Certain victory within his grasp—a minor victory in the long line of legal fights he has conducted for the Paradise Coal Company—he does not smile. It is a cruel thing he is about to do. Cruel? He asks himself if the sanctity of the law does not make the contemplated move right. Harvey Trueman has a code of morals, an austere code, that has made him enemies even among the people whose champion he has grown to be in three years' practice of the law in Luzerne County, Pennsylvania.

He is a tall, slender, square-jawed man of thirty-six. His forehead is high and broad and his hair is worn longer than that of other young men—parted on the side and brushed back. He has thin lips and a mouth of unusual width. His mouth-line is as straight as a bowstring, and when he speaks, which is often, or smiles, which is not so frequent, he shows an even line of large white teeth.

There is something very earnest in the expression of Harvey Trueman's face—a soberness that is seldom found in men under fifty. A straight, strong nose, large nostrils and clean shaven upper lip that is abnormally long; cheek bones that stand out prominently; gray eyes set rather deep in his head for so young a man; a square chin protruding slightly; and wearing a frock coat that falls to his knees in limp folds, Trueman is a commanding figure, full of character.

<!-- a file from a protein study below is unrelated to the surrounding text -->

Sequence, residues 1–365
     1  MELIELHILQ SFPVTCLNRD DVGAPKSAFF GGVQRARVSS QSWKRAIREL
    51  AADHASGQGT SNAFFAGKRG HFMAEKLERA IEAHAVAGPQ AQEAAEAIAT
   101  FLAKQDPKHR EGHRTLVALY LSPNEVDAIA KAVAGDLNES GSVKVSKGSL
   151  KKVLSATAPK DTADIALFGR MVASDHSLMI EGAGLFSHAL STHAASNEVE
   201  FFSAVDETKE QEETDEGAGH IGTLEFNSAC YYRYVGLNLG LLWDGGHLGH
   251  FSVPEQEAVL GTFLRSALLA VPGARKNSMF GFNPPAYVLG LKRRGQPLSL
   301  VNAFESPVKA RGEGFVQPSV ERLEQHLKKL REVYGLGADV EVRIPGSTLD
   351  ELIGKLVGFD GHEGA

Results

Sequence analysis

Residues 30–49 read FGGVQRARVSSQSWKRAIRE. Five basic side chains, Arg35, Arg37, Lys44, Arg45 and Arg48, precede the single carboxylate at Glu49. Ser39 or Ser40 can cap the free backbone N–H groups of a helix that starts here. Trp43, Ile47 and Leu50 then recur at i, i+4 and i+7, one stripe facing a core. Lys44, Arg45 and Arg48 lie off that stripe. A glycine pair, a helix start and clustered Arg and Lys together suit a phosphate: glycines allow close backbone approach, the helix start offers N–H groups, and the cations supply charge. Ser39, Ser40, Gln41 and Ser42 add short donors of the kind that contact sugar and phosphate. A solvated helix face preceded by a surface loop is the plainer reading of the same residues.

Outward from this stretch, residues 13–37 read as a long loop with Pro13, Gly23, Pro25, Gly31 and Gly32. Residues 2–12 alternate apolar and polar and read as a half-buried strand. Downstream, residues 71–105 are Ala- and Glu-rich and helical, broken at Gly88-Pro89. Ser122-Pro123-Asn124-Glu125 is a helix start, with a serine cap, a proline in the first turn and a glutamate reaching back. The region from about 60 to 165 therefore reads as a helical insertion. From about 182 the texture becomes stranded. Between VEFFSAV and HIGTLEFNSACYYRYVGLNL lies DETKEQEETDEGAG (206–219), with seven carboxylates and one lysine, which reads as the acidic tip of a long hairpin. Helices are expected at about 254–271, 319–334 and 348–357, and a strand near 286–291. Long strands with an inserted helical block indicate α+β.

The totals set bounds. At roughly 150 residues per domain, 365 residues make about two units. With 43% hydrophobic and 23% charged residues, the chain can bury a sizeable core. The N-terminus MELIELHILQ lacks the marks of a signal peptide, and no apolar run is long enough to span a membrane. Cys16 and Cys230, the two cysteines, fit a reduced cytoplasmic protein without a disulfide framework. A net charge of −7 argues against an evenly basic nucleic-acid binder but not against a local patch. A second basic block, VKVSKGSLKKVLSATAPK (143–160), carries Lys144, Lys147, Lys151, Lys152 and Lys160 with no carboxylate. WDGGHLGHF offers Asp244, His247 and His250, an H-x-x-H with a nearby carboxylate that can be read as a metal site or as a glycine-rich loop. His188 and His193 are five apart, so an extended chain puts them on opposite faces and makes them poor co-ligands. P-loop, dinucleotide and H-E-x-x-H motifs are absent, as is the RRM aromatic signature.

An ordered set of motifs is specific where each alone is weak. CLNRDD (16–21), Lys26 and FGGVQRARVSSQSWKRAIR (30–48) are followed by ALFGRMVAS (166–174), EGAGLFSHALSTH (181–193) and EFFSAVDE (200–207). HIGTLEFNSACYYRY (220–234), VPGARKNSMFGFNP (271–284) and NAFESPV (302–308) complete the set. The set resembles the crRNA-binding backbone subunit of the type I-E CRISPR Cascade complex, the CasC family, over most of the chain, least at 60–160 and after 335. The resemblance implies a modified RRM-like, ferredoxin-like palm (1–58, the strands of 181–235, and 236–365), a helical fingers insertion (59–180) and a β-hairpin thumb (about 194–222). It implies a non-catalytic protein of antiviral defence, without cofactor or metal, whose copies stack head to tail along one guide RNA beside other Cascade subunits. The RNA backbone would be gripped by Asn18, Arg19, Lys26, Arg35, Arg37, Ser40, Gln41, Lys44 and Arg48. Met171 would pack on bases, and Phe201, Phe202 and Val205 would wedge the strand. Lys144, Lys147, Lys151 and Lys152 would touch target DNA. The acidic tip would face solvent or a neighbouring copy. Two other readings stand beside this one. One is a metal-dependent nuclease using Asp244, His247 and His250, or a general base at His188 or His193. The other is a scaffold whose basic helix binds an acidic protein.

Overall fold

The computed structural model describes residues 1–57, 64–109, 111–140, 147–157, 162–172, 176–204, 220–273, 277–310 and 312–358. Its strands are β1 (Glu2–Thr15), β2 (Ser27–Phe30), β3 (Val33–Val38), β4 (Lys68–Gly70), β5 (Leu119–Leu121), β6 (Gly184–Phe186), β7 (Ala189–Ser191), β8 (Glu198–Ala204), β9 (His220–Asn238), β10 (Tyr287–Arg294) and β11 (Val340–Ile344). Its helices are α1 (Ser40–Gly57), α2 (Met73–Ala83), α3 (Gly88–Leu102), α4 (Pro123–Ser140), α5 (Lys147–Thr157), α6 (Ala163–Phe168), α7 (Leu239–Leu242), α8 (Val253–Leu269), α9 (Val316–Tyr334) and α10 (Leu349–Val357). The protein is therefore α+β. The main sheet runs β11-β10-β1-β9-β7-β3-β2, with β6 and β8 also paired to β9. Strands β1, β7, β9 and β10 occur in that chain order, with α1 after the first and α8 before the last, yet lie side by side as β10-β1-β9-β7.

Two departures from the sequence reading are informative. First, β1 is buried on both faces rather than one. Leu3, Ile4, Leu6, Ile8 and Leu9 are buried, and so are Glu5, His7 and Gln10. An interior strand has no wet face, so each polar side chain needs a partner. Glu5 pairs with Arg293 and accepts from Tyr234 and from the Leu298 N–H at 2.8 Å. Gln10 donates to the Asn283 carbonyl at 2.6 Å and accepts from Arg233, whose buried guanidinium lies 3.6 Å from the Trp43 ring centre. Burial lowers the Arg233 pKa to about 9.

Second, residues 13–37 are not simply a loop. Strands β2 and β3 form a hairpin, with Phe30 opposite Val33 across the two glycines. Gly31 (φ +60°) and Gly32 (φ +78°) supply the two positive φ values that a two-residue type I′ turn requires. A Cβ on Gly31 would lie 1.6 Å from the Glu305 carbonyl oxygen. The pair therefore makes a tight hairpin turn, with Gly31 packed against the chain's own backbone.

He is an inch over six feet in height. Among the miners who look straight into the eye to read character, Harvey Trueman has been pronounced an unflinching tool of the coal barons—one whose unbending will means the ultimate accomplishment of any undertaking.

Not one of the miners employed by the Paradise Coal Company has ever known the young lawyer to take an unfair advantage. But he has upheld the law for the proprietors of the mines when the men have made a fight against the "company stores," where they are forced to spend the wages made by the sweat of their brows down in the mines or on the breakers.

Trueman is looked upon by all the miners of the region as a part and parcel of the law, and all law is regarded by them as a thing made to oppress the poor and aggrandize the wealthy.

A simple investigation on the eve of the present battle has placed in the hands of the young lawyer ammunition which will rout the enemy on the first volley.

But such an enemy! Above all things, Harvey Trueman is a magnanimous foe. Now that he has his case won, he feels half humiliated. In the court room, occupying a front seat while she awaits the arrival of her lawyer, sits the widow of Marcus Braun, the Magyar miner.